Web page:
Real Estate: The combination of falling interest rates, discounted foreclosure properties, government incentives, and bottoming home prices is making this a great time to buy. Not that this news is especially shocking to you, we’re assuming …

reading-magazines-illustration-250Are you a papervore who is still reading newspapers and magazines? Good—we are too. And while searching for frugal ways to renew subscriptions that are expiring in the middle of a recession, we found two new ways to get our favorite publications.

Magazine resellers often give better deals than the publications themselves. Even lower prices can be had on eBay. Yes, eBay. We renewed New York Magazine for $15, versus the “bargain” $40 offered in a mailing. We spotted BusinessWeek for just $10. Hitch is, the selection is pretty random.

Frequent flyer programs
are another good bet. For 500 Delta Skymiles points, we got a year’s worth of Fast Company. (Time, Sports Illustrated, W and People en Espanol were among the other titles.) United Airlines’ program offers the Wall Street Journal for just 3,300 miles. If you calculate the value of miles at one cent each, that means you can get a full year of WSJ for $33—which is basically amazing. The regular price right now is $441.

But don’t get mad at us if there are restrictions, like offers for new subscribers only, or delivery only to the continental U.S. As always, check the fine print before you buy.


As if getting in shape for summer weren’t enough pressure—now you have to figure out how do you pull together warm-weather looks that are fashionable, flattering, and affordable. If last year’s bikini is too stretched out or your swim trunks are faded beyond recognition, consider these 10 resources for finding a perfect beach wardrobe while still staying financially afloat.

Old Navy: The ultimate resource for beach items that are fresh, bright and, most of all, cheap. Their men’s swim trunks in solids and prints are only $15. Mix and match separates and one-piece swimsuits for women are all under $20; kids’ swimwear is a steal for less than $10 an item. And who can beat flip-flops for five bucks?

Swimoutlet.com: Prefer doing laps in the pool to lounging the beach? This site has more athletic-style swimsuits…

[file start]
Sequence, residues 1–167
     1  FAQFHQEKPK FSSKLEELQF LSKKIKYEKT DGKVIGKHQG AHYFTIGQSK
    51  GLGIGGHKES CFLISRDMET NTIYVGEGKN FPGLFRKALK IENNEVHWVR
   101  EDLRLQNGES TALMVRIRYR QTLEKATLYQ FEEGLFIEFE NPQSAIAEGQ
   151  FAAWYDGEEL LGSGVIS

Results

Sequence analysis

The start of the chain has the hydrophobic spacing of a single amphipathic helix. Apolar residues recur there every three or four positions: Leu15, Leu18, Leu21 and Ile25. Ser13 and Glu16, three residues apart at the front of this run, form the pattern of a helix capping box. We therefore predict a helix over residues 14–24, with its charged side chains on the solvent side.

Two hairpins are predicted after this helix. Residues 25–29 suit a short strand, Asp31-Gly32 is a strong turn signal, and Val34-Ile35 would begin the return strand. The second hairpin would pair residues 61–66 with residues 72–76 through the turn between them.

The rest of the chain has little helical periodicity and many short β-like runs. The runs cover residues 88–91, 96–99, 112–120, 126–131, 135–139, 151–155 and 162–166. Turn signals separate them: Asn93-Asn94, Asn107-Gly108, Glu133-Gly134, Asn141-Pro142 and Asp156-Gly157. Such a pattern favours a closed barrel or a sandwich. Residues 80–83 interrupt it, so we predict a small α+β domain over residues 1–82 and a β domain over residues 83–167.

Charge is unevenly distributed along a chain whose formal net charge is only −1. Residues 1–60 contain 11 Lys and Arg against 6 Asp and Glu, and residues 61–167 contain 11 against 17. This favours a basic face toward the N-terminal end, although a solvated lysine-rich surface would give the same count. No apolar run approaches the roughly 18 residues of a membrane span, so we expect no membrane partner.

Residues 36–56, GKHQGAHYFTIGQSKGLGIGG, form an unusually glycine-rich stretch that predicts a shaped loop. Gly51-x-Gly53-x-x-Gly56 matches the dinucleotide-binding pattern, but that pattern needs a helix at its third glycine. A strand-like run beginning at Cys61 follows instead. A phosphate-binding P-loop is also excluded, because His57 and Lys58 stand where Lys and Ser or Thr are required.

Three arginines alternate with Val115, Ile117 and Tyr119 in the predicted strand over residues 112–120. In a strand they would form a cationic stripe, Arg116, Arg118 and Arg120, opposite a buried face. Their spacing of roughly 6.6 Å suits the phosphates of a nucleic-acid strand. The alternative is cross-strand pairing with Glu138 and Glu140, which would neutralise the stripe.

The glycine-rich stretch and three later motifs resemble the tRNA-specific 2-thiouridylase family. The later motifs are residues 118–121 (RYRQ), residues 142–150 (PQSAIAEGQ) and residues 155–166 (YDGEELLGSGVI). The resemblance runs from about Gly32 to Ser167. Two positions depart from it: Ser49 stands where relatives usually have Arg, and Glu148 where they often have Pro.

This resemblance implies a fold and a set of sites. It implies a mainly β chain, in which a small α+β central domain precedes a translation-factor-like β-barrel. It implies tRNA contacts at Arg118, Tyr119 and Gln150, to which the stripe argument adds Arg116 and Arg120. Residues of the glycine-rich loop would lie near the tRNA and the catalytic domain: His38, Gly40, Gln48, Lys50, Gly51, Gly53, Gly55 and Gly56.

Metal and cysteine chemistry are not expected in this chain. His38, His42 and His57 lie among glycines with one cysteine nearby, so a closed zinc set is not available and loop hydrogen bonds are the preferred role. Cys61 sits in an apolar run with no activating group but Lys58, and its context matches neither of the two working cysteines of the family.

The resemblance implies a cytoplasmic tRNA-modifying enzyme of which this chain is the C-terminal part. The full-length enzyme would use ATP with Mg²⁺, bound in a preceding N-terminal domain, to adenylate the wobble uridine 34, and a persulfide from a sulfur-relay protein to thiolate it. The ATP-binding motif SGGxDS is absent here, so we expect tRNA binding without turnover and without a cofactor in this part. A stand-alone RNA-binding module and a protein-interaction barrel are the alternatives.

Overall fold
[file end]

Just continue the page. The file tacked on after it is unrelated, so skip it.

money-cash-and-pill-bottle-medicine-150The cost of medical care can be astonishing in the best of times. In a down economy you feel the pain even more—especially as policies change. For example, doctors may require you to pay up-front for services, then collect from your insurance company. Or, they may charge you for the remainder of their fees not fully covered by insurance. Then there are the health insurance companies, which are more prone to question, delay or deny insurance coverage for treatments.

You don’t have to feel helpless in the face of these challenges. Armed with some knowledge and the willingness to argue for your rights, you can keep those costs from killing you.

Be proactive: Before having a procedure, get preauthorization or clearance from the insurance company. This way you know what to expect in terms of coverage and payment responsibility.

Know your rights: Say you see an in-network surgeon at an in-network hospital, but have an out-of-network anesthesiologist. Often insurance companies will reject or limit coverage, claiming that you did not use an in-network provider…

question-mark-chart-150Says who: Paul Ashworth, a senior economist at Capital Economics

“A few months ago, the U.S. was in the throes of the most severe recession since the 1930s,” said Paul Ashworth, a senior economist at Capital Economics. “We’ve had some improvement, but . . . we’re still nowhere near a meaningful recovery or even a slight recovery.” (Washington Post)

Why it might be false: The evidence that the economy is improving can be convincing: a manufacturing report Monday beat expectations and indicated some growth; pending home sales rose 6.7 percent in April; and the stock market hit its highest point Monday for all of 2009. And it doesn’t hurt that the good weather seems to bring with it all kinds of hope and promise…

beach-hut-tent-150This Memorial Day kicked off a different kind of summer for many of us. The warm weather and slower pace are as welcome than ever; the big change is how much less we have to spend. We know what we’ll be keeping a lid on, but were curious about the broader trends across the country. Are summer camps closing? Are barbecues fizzling out? Some of the answers surprised us.

Down: Vactation rentals
Inventory is up and prices are down in resort areas from the Hamptons to New Hampshire’s Lake Winnepesaukee to North Carolina